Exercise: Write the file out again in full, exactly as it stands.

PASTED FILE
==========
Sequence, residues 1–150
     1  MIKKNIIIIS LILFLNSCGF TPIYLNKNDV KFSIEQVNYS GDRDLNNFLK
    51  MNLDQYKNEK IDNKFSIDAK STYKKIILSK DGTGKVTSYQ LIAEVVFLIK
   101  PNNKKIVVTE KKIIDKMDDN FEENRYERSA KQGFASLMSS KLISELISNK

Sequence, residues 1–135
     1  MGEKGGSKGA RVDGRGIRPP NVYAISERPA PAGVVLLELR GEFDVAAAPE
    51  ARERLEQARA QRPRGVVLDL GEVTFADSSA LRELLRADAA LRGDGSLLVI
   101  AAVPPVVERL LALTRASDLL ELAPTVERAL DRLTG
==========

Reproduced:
Sequence, residues 1–150
     1  MIKKNIIIIS LILFLNSCGF TPIYLNKNDV KFSIEQVNYS GDRDLNNFLK
    51  MNLDQYKNEK IDNKFSIDAK STYKKIILSK DGTGKVTSYQ LIAEVVFLIK
   101  PNNKKIVVTE KKIIDKMDDN FEENRYERSA KQGFASLMSS KLISELISNK

Sequence, residues 1–135
     1  MGEKGGSKGA RVDGRGIRPP NVYAISERPA PAGVVLLELR GEFDVAAAPE
    51  ARERLEQARA QRPRGVVLDL GEVTFADSSA LRELLRADAA LRGDGSLLVI
   101  AAVPPVVERL LALTRASDLL ELAPTVERAL DRLTG